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Being Independent is a Great Thing: Subjective Evaluations of Self-Employment and Hierarchy

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  • Bruno S. Frey
  • Matthias Benz

Abstract

One can be independent, or subject to decisions made by others. This paper empirically tests whether individuals attach an intrinsic value to the institutional difference between independence and hierarchy. Taking self-employment as an important case of independence, it is shown that the self-employed derive more utility from their work than people employed by an organization, irrespective of income gained or hours worked. This is evidence for procedural utility: people do not only value outcomes, but also the conditions and processes leading to these outcomes. Individuals value independence and dislike hierarchy as such, over and above the associated outcomes.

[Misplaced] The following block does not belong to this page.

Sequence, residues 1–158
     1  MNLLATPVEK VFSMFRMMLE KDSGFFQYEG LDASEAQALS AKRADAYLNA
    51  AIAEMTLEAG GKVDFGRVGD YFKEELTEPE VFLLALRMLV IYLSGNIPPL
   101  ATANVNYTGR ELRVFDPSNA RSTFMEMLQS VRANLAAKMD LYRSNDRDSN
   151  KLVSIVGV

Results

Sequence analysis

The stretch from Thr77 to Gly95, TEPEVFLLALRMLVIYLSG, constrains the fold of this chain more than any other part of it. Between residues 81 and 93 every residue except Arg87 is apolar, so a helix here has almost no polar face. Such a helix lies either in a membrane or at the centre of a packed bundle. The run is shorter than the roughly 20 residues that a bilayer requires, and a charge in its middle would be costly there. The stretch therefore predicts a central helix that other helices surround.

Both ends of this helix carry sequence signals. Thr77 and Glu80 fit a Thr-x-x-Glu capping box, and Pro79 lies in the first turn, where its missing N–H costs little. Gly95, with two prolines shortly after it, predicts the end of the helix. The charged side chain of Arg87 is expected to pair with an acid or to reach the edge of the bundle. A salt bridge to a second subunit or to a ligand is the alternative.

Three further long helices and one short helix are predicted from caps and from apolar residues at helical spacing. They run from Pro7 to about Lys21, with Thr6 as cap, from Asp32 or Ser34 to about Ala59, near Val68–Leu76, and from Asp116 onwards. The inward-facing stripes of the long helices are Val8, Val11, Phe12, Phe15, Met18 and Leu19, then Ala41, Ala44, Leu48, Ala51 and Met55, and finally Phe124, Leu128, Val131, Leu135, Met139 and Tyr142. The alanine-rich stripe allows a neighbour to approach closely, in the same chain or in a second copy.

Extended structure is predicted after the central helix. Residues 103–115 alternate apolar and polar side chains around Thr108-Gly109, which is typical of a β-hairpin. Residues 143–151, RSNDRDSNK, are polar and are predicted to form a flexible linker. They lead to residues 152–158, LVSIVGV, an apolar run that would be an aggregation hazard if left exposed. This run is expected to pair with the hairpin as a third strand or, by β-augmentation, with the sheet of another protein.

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Paper provided by Institute for Empirical Research in Economics - University of Zurich in its series IEW - Working Papers with number 135.

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Handle: RePEc:zur:iewwpx:135

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Keywords: procedural utility; institutions; hierarchy; self-employment; job satisfaction;

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